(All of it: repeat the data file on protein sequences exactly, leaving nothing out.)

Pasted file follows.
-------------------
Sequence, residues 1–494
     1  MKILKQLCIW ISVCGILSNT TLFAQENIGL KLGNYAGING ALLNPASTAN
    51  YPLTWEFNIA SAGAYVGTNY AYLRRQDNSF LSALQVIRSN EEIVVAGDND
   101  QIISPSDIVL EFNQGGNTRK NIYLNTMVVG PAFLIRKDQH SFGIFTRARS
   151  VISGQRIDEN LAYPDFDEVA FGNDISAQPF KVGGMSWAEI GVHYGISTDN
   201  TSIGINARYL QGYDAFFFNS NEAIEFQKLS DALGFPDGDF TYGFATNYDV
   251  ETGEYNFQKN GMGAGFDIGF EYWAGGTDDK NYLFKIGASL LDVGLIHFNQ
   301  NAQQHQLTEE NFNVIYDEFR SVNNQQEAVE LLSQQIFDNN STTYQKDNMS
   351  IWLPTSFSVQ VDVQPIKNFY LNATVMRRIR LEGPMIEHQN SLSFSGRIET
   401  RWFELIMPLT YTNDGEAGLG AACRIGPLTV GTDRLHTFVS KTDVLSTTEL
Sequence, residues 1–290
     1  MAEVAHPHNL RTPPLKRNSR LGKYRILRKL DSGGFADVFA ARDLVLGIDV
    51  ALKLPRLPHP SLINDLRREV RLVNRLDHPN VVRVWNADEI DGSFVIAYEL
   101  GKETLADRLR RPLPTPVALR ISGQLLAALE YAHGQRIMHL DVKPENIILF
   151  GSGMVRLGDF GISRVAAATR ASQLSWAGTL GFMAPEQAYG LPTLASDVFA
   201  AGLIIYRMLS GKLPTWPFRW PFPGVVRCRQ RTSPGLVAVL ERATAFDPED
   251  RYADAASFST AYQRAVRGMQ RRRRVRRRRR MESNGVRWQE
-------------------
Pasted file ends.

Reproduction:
Sequence, residues 1–494
     1  MKILKQLCIW ISVCGILSNT TLFAQENIGL KLGNYAGING ALLNPASTAN
    51  YPLTWEFNIA SAGAYVGTNY AYLRRQDNSF LSALQVIRSN EEIVVAGDND
   101  QIISPSDIVL EFNQGGNTRK NIYLNTMVVG PAFLIRKDQH SFGIFTRARS
   151  VISGQRIDEN LAYPDFDEVA FGNDISAQPF KVGGMSWAEI GVHYGISTDN
   201  TSIGINARYL QGYDAFFFNS NEAIEFQKLS DALGFPDGDF TYGFATNYDV
   251  ETGEYNFQKN GMGAGFDIGF EYWAGGTDDK NYLFKIGASL LDVGLIHFNQ
   301  NAQQHQLTEE NFNVIYDEFR SVNNQQEAVE LLSQQIFDNN STTYQKDNMS
   351  IWLPTSFSVQ VDVQPIKNFY LNATVMRRIR LEGPMIEHQN SLSFSGRIET
   401  RWFELIMPLT YTNDGEAGLG AACRIGPLTV GTDRLHTFVS KTDVLSTTEL
Sequence, residues 1–290
     1  MAEVAHPHNL RTPPLKRNSR LGKYRILRKL DSGGFADVFA ARDLVLGIDV
    51  ALKLPRLPHP SLINDLRREV RLVNRLDHPN VVRVWNADEI DGSFVIAYEL
   101  GKETLADRLR RPLPTPVALR ISGQLLAALE YAHGQRIMHL DVKPENIILF
   151  GSGMVRLGDF GISRVAAATR ASQLSWAGTL GFMAPEQAYG LPTLASDVFA
   201  AGLIIYRMLS GKLPTWPFRW PFPGVVRCRQ RTSPGLVAVL ERATAFDPED
   251  RYADAASFST AYQRAVRGMQ RRRRVRRRRR MESNGVRWQE